Normally when I play a game I always turn on the sub-titles. There can be times that the background audio on same games are so low that you can’t hear things in the background. Plus I also like to compare the text on the screen to the actual dialog that is being spoken. If they are using the same script they should be the exact same way. In some games this isn’t the case. In Until Dawn, most of the subtitles match what was being spoken. Every once in a while I will catch something that was spoken but wasn’t in the subtitles. But these are few and far between. If you are not paying attention then you will miss it. There are parts of the game that get a little boring as there is no dialog. You just walk for a little with nothing going on. Then the dialog will start back up again.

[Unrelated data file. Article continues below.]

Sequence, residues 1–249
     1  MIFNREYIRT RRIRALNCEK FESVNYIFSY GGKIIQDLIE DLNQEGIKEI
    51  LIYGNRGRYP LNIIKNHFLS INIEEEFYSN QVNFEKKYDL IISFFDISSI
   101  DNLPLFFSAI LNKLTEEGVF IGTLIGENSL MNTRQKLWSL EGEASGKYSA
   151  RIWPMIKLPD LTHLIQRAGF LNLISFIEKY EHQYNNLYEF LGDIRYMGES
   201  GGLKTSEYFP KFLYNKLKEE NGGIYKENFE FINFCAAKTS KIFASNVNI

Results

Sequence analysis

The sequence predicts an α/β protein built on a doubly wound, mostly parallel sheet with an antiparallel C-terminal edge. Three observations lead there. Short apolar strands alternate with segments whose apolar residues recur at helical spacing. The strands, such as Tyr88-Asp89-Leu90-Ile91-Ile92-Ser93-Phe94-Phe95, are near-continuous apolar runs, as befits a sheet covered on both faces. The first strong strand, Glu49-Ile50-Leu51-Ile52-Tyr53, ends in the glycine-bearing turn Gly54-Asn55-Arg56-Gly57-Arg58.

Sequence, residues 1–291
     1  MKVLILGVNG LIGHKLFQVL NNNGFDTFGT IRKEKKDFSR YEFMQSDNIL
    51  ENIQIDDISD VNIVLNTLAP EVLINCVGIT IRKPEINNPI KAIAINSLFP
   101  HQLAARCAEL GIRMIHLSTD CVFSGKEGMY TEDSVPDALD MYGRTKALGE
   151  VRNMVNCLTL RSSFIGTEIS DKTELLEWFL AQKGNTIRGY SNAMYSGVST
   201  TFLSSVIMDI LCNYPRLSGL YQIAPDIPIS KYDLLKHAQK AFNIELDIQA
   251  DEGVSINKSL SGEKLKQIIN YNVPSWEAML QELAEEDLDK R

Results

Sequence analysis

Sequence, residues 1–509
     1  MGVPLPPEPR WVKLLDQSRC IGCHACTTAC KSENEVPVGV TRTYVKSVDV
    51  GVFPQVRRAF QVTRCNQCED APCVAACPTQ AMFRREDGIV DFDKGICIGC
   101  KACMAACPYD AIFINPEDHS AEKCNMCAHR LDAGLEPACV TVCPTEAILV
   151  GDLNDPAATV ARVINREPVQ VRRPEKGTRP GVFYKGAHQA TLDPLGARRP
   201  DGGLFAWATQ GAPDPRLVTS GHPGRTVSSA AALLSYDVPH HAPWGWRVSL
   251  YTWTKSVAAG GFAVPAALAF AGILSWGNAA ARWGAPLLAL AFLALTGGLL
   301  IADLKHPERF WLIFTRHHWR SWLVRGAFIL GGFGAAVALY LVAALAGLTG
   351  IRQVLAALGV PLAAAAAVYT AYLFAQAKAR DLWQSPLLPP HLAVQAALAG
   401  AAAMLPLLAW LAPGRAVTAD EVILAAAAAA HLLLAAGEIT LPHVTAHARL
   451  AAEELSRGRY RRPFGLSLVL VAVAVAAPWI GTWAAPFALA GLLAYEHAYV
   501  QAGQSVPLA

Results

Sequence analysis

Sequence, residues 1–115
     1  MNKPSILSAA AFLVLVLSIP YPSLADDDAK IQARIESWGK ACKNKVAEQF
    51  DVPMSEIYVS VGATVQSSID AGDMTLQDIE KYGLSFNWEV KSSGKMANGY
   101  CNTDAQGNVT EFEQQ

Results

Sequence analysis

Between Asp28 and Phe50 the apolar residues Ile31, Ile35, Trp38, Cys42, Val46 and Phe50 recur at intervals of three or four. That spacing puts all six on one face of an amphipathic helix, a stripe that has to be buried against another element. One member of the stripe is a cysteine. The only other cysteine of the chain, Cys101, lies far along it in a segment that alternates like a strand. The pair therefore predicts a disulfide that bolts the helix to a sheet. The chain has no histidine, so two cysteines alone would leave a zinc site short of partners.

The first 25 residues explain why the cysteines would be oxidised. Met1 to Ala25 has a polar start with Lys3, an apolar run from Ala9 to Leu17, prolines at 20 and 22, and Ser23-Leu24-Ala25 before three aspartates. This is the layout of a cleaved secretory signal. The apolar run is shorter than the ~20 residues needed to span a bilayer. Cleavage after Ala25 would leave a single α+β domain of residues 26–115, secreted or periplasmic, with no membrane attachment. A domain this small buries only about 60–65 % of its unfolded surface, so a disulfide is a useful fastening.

Over all Until Dawn is a great game. It does have some hiccups along the way but that should not prevent anyone from playing this game. If you like games that follow different characters plots, which you can controlled with your own decisions, then this game is for you. I will admit that at some points it can get a little slow. I had no problems with the QTE events not registering any of my button presses. The game does have some replayability as you can go back though and make different decisions from your previous playthroughs and how those affect different characters and the outcome in the end. It will take you on an average of about 10 hours to playthrough. If you don’t worry about all the collectibles, you can beat it in roughly 7 hours. With everything together I would recommend this game.